Virginia Symphony launches tenure of Music Director Eric Jacobsen with December concerts

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Virginia Symphony Orchestra Music Director Eric Jacobsen. He’s shown at the Plaza Live, a venue of the Orlando Philharmonic Orchestra, where he is also music director. Photo: Ricardo Ramirez Buxeda/Orlando Sentinel

“Eric Jacobsen, the Virginia Symphony Orchestra’s new music director, makes his debut this week with concerts at three Hampton Roads venues and with Grammy-winning saxophonist and composer Branford Marsalis,” writes Saleen Martin in Wednesday’s (12/1) Virginian-Pilot (Norfolk, VA). “The performances will be at the Ferguson Center for the Arts in Newport News Thursday, Chrysler Hall in Norfolk Friday and the Sandler Center for the Performing Arts in Virginia Beach Sunday…. Jacobsen, whose tenure with VSO started July 1, … also serves as music director for the Orlando Philharmonic Orchestra…. Jacobsen will open with Mozart’s overture to ‘The Marriage of Figaro’ and [conduct works by] Johannes Brahms, Gustav Mahler and London-based composer Sally Beamish. Beamish’s pieces [“Under the Wing of the Rock” and “The Imagined Sound of Sun on Stone’] were written for saxophone and orchestra, and she and Marsalis have worked together. Beamish will attend the local concerts and sit in on recording sessions for a CD slated for a 2022 release. Marsalis is part of the Branford Marsalis Quartet, which was formed in 1986. He is well known for his renditions of Claude Debussy, Mahler and Ralph Vaughan Williams and his collaborations with the Grateful Dead and Sting.”

December 2, 2021

Colorado Symphony to unveil portrait of longtime double bassist Charles Burrell, now 101

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“The Colorado Symphony will unveil a portrait of longtime bass player Charles Burrell in Boettcher Hall on … December 4,” writes Claire Duncombe in Monday’s (11/29) Westword (Denver, CO). “The portrait will join paintings of former music directors Marin Alsop, Jeffrey Kahane and Andrew Little…. In 1949, he became the first Black musician to receive a permanent contract with the Denver Symphony Orchestra, which became the Colorado Symphony in 1990. The now-101-year-old retired from the Colorado Symphony in 1999…. Burrell had dreams of attending college to become a music teacher, but when World War II broke out, he enlisted in the Navy and performed with an all-Black band…. [Later, at] Wayne State University … he was told he would never find work as a Black music teacher. In the late ’40s, Burrell left for Denver, where he has family ties. Through happenstance, he met John Van Buskirk, the Denver Symphony’s principal bassist, on a streetcar. Buskirk urged Burrell to audition for the orchestra, and he was hired in 1949.… After playing with the Denver Symphony for ten years, Burrell … was the first Black person hired to play for the San Francisco Symphony. In 1965, Burrell returned to the Denver Symphony.”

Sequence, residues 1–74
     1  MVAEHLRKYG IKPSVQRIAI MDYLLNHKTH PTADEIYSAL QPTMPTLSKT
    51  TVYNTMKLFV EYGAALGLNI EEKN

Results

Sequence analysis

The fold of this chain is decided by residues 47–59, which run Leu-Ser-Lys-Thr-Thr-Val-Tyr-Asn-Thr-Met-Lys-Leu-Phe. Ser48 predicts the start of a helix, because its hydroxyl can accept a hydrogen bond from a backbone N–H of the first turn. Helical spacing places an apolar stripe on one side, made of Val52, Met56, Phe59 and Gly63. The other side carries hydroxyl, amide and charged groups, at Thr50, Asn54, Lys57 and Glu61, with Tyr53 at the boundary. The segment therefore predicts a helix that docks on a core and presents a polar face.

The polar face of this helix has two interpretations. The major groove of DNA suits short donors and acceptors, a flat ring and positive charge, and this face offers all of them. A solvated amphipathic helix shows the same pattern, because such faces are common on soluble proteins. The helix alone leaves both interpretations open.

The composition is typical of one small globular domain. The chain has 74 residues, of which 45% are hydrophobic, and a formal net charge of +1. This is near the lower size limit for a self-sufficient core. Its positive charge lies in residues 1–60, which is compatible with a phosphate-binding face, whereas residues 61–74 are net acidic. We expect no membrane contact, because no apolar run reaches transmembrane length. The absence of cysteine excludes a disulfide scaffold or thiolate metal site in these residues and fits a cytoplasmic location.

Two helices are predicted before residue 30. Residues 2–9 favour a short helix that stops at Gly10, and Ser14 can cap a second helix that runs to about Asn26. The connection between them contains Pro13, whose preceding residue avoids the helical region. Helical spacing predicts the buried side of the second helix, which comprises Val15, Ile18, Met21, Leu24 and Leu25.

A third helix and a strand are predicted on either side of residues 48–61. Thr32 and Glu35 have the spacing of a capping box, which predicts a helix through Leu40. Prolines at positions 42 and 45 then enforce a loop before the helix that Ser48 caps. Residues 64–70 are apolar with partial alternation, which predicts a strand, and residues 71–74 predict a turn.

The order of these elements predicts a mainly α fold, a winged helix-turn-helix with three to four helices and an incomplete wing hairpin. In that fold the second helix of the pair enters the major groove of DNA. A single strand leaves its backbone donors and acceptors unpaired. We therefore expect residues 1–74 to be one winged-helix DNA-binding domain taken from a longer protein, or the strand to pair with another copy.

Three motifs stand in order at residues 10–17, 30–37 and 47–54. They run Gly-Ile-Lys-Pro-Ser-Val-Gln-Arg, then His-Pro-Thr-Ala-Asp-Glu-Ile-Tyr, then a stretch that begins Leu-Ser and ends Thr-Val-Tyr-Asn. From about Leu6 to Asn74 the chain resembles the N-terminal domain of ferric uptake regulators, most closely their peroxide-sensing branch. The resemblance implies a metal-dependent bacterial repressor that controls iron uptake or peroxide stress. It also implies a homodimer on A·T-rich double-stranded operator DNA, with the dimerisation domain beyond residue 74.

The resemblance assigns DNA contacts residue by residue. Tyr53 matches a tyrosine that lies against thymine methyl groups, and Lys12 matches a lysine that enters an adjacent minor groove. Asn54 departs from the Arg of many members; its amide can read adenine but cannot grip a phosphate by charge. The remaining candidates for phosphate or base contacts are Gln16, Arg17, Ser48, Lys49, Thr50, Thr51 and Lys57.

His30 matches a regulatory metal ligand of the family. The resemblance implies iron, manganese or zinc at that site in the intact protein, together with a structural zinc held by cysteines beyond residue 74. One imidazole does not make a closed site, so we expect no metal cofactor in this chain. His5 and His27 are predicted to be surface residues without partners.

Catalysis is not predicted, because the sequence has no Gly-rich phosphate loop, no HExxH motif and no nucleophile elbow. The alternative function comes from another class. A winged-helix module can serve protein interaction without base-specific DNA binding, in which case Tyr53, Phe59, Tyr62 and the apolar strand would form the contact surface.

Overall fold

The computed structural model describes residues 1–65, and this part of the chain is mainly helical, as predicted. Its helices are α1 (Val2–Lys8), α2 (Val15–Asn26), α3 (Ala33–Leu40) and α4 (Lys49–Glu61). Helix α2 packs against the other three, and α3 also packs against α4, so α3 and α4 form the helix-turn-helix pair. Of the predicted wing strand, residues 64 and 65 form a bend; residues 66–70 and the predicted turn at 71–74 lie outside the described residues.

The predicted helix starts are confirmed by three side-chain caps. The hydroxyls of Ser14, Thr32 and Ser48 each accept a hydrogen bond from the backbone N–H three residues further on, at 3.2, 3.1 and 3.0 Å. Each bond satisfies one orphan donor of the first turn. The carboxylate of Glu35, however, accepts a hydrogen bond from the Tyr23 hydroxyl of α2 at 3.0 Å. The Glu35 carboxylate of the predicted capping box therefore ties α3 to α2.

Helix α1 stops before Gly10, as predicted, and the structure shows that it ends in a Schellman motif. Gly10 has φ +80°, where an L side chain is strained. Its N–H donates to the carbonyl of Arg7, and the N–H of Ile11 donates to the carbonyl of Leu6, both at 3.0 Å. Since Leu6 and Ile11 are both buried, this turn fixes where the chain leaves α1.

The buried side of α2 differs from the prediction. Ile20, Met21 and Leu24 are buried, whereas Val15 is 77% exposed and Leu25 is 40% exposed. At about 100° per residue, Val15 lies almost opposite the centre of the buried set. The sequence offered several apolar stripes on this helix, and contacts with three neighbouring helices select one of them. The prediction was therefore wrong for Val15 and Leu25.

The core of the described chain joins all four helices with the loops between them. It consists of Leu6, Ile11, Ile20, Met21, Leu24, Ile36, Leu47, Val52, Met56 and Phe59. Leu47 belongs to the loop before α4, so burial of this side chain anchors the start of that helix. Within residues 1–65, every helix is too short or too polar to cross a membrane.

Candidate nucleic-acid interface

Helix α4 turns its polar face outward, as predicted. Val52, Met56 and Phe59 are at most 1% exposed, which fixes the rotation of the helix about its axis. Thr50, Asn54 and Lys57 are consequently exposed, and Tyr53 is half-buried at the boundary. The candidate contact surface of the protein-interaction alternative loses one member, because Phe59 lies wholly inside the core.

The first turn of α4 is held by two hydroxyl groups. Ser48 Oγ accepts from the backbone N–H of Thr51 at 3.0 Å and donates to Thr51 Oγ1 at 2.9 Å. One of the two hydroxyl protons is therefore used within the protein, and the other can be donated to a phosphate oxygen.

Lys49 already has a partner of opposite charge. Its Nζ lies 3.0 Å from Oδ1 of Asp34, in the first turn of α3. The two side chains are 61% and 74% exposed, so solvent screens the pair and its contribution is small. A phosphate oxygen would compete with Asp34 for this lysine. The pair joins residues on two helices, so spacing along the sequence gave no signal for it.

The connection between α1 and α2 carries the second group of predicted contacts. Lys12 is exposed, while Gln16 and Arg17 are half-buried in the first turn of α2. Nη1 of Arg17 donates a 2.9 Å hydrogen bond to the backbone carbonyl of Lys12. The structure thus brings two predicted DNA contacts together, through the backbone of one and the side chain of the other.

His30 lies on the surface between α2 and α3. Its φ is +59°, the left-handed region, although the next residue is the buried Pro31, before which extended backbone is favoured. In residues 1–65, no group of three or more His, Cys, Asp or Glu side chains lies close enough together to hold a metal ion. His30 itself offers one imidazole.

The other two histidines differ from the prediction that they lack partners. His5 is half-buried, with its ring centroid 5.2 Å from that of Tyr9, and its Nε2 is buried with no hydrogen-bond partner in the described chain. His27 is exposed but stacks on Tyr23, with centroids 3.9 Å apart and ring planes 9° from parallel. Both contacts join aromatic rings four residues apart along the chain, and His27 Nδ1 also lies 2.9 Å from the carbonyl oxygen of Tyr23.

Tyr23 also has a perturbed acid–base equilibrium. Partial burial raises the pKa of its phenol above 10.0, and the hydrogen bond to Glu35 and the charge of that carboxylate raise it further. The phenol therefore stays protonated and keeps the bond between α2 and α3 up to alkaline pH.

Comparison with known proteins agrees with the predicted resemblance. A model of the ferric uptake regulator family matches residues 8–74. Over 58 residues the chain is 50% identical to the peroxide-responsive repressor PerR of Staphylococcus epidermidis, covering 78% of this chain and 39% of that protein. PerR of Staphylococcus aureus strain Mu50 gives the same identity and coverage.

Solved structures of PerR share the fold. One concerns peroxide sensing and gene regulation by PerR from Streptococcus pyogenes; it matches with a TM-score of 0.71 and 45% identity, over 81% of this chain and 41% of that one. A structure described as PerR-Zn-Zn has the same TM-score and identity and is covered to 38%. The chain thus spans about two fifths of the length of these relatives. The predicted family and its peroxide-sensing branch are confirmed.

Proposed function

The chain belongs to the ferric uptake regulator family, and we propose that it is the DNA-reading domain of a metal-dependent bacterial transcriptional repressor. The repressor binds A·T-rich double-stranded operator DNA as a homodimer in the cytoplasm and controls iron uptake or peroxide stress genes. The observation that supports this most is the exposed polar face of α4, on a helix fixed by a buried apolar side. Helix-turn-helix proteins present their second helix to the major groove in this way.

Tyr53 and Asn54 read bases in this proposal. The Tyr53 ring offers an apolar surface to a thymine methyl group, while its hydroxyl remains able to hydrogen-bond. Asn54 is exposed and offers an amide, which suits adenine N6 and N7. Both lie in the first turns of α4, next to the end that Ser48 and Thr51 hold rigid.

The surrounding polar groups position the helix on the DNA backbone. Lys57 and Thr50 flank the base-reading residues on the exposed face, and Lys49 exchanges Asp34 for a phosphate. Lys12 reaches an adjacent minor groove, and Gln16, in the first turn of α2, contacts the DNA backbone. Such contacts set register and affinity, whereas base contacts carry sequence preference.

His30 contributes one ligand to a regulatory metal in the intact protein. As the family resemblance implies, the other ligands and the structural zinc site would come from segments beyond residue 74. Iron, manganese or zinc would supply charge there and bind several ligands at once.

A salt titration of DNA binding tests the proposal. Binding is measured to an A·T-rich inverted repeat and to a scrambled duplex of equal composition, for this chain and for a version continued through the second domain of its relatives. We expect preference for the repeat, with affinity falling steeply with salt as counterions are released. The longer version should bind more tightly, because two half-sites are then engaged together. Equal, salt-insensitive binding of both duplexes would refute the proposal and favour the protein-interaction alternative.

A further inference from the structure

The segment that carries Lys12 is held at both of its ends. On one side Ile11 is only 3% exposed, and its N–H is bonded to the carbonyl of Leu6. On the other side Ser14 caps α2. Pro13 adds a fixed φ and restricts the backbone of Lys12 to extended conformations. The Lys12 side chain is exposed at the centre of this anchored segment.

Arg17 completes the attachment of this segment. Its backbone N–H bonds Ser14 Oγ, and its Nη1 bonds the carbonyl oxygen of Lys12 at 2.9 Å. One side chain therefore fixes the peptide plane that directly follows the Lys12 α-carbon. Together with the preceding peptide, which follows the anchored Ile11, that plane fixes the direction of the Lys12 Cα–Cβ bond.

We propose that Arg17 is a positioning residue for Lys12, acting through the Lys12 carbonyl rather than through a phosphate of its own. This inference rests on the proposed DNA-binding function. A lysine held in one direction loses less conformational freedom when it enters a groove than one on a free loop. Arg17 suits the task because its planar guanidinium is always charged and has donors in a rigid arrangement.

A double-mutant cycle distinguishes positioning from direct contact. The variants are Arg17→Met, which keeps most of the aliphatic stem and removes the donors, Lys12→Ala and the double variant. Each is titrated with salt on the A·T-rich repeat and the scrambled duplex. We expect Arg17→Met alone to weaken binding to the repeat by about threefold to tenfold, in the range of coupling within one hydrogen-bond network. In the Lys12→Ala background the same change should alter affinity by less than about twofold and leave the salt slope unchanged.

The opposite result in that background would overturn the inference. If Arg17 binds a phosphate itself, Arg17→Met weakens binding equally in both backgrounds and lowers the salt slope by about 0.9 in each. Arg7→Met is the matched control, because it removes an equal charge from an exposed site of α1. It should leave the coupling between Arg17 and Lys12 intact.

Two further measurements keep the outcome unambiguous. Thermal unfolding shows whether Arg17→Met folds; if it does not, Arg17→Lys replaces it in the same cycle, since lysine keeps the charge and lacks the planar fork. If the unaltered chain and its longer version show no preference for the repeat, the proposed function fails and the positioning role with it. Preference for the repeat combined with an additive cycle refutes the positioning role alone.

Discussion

December 2, 2021

Bay Area holiday programs by San Francisco Symphony, Philharmonia Baroque Orchestra, Symphony San Jose, more

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“With in-person events back on Bay Area stages, the classical music scene is feeling the love this holiday season. December brings concerts, operas, recitals and more,” writes Georgia Rowe in Tuesday’s (11/30) Mercury News (San Jose, CA). “The San Francisco Symphony has a full schedule of events in Davies Symphony Hall this month, including two ‘Messiah’ performances … a ‘Merry-Achi Christmas,’ … ‘Holiday Gaiety’ with Peaches Christ and friends … and … ‘The Nutcracker and the Mouse King,’ … starring … actor Alan Cumming narrating E.T.A. Hoffmann’s story …featuring excerpts from Tchaikovsky’s iconic score…. This month brings [J.S. Bach’s] ‘Christmas Oratorio’ in four performances by the Philharmonia Baroque Orchestra…. Each year, ‘Carols in the California’ attracts music lovers of all ages, [a concert and] singalong performed by Symphony San Jose’s brass ensemble and the Symphony San Jose Chorale…. The Choral Project … and the San Jose Chamber Orchestra … are teaming up for … ‘Winter’s Gifts: Stars’ [featuring] the world premiere of ‘The Singing Bowl’ by [Choral Project artistic director Daniel] Hughes; works by Ola Gjeilo, Henry Mollicone, and Randall Thompson round out the program.” Choral groups performing include Chanticleer, San Francisco Gay Men’s Chorus, San Francisco Opera Chorus, and American Bach Soloists.

December 2, 2021

Nézet-Séguin to take four-week conducting break in January

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“Yannick Nézet-Séguin, the Metropolitan Opera’s music director, will not conduct, as planned, a revival of Mozart’s ‘Le Nozze di Figaro’ in January, the company announced,” writes Zachary Woolfe in Monday’s (11/29) New York Times. “Nézet-Séguin will be ‘taking a brief, almost four-week sabbatical from all conducting duties commencing Dec. 19,’ the Met said, and quoted him as adding, ‘This short break will allow time for me to re-energize as we return in the new year …’ The Philadelphia Orchestra, of which Nézet-Séguin is also music director, announced that Xian Zhang would take over his scheduled concerts on Dec. 31 and Jan. 2, but said that his time off would not affect his appearance with the orchestra at Carnegie Hall on Jan. 11, nor two subsequent weeks of subscription concerts in Philadelphia in January. Nézet-Séguin … is currently in the midst of leading the Met’s run of Matthew Aucoin and Sarah Ruhl’s ‘Eurydice.’ … He conducts Puccini’s ‘Tosca’ at the Met from Thursday through Dec. 18, as well as a new production of Verdi’s ‘Don Carlos’ that opens on Feb. 28. For the ‘Figaro’ run, which opens on Jan. 8, Nézet-Séguin will be replaced by Daniele Rustioni … and … Gareth Morrell.”